SignalR, Filters and ServiceStack

I recently blogged about a technique of integrating SignalR with ASP.NET Web API through the use of action filters.

A few people have asked, whether this approach (and SignalR now being part of Microsoft’s ASP.NET product group after all) works with other frameworks. And the answer is absolutely yes.

Let’s have a look at implementing this for ServiceStack.

Adding ServiceStack

You should probably have a look at the original article first, since the SignalR part of it will be identical. Let’s start today by adding ServiceStack through Nuget:

To enable ServiceStack endpoints, we also need to add SS handler to web.config, under the handlers section:

This will setup all requests to /service to go through the ServiceStack pipeline. Additionally, we need to exclude this route from MVC processing, by adding the following ignore directive:

The SignalR setup (hubs, JavaScript, HTML, routes) is the same as in the previous post.

Creating ServiceStack filters

The only difference from the Web API approach is that with service stack you get separate filter for pre-execution of the service method, and a separate one for post-execution.

Therefore, instead of implementing one attribute, like before, we will do it in two. Just to remind you (if you really didn’t read the last post) – in the request we will capture the body and flush down in real time to the “admin” interface together with a timestamp. The same will happen when the response gets sent down to the client; all of which combines into a neat real time logging mechanism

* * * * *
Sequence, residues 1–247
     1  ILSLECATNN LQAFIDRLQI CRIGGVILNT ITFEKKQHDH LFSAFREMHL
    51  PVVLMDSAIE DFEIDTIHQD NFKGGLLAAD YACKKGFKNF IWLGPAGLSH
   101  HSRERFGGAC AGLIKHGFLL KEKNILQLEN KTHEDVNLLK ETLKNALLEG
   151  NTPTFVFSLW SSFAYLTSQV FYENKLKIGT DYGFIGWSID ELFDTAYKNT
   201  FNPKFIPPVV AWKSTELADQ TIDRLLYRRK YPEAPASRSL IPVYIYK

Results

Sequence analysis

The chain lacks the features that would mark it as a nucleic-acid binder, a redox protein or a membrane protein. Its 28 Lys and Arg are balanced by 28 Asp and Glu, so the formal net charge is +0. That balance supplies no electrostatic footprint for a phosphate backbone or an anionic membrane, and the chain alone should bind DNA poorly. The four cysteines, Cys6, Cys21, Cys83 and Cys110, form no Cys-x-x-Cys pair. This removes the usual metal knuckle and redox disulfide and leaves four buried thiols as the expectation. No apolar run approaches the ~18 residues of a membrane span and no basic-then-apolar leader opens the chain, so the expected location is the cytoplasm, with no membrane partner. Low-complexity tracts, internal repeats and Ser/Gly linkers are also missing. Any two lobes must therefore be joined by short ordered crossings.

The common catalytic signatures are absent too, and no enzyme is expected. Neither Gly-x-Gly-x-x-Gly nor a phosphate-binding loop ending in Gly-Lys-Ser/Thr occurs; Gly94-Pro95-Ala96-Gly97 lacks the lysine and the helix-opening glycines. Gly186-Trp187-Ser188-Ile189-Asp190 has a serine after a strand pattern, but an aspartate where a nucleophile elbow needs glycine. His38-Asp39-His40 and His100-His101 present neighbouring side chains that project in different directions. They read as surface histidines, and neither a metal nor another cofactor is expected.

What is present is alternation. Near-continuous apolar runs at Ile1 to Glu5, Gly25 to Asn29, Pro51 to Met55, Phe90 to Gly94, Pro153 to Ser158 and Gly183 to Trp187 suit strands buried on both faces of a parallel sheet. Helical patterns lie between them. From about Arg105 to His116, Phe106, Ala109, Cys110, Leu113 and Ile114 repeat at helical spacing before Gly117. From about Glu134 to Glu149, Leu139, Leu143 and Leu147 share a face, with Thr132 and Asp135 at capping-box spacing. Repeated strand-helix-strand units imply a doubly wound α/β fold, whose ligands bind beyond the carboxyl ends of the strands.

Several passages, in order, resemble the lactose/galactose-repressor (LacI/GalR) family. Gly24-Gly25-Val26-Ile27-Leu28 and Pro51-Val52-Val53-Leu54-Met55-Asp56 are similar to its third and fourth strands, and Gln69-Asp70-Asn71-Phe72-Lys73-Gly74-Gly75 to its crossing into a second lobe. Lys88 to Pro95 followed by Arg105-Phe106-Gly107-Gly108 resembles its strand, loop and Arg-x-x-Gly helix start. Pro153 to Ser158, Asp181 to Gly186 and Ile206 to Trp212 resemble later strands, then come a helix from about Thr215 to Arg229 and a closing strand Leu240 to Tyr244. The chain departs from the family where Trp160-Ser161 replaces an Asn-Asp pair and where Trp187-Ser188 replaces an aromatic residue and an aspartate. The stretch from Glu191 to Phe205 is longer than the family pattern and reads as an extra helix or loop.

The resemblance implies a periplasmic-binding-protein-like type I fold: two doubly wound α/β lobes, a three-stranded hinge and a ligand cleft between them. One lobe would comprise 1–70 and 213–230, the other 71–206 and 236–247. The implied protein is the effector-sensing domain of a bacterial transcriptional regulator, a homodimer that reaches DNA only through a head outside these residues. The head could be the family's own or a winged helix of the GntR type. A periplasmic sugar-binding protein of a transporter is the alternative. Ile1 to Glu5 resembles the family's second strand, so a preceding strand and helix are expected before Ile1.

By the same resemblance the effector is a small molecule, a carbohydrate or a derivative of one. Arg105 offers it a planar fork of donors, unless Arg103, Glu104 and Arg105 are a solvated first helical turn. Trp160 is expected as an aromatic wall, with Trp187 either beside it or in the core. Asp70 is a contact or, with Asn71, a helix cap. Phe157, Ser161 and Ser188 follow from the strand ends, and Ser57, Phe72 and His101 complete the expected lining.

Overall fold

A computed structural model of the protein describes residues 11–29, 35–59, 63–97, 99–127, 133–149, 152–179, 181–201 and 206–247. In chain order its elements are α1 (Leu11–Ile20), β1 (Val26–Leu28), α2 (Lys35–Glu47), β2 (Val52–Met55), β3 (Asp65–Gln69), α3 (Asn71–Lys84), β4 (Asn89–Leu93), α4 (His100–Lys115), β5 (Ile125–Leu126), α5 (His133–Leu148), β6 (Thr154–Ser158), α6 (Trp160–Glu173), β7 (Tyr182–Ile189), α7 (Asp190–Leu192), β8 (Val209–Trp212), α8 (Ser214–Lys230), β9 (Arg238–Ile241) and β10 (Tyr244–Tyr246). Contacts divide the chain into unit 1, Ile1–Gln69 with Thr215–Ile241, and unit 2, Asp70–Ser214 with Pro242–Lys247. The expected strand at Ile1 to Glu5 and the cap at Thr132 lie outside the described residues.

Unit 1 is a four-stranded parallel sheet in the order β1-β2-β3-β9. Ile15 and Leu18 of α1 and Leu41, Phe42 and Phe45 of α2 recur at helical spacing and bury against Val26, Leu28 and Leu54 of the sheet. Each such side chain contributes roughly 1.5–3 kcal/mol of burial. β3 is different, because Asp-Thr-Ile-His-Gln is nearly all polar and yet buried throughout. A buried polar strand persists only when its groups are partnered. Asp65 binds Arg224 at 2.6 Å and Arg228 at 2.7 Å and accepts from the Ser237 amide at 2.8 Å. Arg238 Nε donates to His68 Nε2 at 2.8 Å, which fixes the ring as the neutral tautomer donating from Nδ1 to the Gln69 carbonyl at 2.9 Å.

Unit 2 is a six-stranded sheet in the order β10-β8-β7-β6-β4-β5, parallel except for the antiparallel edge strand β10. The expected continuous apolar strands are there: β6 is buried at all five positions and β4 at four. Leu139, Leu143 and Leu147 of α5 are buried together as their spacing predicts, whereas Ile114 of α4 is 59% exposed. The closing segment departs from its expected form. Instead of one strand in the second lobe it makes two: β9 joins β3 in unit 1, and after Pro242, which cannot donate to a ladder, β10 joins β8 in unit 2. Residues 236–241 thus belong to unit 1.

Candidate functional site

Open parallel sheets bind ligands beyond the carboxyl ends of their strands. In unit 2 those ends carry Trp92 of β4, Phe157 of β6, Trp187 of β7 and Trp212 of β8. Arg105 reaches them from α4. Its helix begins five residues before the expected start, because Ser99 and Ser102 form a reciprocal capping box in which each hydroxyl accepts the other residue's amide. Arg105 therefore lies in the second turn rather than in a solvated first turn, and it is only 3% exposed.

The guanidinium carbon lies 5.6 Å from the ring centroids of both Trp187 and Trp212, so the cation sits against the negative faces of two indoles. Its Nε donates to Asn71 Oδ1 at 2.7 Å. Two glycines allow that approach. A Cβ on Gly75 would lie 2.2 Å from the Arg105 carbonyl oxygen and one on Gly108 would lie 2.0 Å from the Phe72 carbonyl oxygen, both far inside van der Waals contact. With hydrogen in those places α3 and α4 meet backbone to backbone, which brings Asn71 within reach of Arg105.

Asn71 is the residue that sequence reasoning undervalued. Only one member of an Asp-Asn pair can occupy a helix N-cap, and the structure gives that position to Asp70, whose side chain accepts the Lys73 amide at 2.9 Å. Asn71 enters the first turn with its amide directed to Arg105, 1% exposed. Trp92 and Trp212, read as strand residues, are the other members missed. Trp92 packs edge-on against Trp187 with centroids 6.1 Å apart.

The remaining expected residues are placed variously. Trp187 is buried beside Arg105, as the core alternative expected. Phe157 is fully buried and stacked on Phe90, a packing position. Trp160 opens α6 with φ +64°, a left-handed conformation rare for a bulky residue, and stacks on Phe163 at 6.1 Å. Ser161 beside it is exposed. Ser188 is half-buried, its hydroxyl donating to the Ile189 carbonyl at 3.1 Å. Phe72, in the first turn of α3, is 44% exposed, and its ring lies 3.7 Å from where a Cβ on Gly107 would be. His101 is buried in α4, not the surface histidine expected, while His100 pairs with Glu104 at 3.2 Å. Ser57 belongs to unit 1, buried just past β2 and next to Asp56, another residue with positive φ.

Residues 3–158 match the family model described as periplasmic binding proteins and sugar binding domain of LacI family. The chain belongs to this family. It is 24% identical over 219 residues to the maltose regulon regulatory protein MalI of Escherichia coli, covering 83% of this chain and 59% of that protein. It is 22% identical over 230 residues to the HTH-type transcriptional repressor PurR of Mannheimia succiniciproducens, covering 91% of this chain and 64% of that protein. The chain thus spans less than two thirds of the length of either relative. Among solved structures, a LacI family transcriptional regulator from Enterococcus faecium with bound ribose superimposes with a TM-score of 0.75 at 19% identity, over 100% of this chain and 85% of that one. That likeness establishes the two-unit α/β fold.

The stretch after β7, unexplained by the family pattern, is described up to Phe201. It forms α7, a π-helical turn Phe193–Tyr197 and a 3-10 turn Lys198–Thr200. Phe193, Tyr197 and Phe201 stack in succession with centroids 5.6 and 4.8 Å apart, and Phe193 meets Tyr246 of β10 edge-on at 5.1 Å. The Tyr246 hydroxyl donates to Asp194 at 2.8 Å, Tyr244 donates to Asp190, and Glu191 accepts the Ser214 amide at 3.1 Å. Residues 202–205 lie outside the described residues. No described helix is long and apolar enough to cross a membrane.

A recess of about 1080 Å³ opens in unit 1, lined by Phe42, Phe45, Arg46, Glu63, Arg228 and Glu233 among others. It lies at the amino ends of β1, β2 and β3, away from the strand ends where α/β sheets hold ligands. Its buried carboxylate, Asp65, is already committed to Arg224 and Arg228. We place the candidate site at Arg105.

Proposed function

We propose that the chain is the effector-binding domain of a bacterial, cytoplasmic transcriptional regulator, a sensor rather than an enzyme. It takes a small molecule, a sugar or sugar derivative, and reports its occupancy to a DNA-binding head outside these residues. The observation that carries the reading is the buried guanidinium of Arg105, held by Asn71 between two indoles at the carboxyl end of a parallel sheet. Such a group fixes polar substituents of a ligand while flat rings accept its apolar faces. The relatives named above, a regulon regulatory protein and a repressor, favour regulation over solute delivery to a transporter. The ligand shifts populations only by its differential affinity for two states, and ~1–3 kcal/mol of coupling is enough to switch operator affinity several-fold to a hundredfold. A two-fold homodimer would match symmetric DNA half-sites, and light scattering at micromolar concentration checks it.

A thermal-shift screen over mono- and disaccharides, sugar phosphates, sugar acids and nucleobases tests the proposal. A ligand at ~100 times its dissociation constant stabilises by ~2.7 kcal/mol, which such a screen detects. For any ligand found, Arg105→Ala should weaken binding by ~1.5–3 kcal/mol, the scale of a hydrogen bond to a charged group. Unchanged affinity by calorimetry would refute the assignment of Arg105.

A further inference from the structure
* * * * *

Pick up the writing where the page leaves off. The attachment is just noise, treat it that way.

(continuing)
And response:

In both cases, the principles are almost identical as with Web API; the main difference is that we don’t need to tack on the async API to deal with reading the request body and so on, since ServiceStack will expose all that synchronously.

However, in ServiceStack the default request behavior is bufferless input stream, whereas in Web API it is buffered. Bufferless obviously means that once ServiceStack took ownership of the request and pulled out the DTO from it, the request stream is at the end and not available to be re-read (which is what we are trying to do in the request filter).

To remedy that, we cans witch ServiceStack’s mode of operation to buffered, by adding this to our AppHost:

Running it

Now suppose you have a simple ServiceStack host:

We could add our attributes to the service:

And if we navigate to the same log.html which we created in the last post for Web API, and start making requests, the log will start filling in real time.

This is pretty neat and shows you an easy way to do SignalR integration. On a side note, ServiceStack already has a pretty robust logging infrastructure, so this might not be the best use case, but hopefully it illustrates the concept.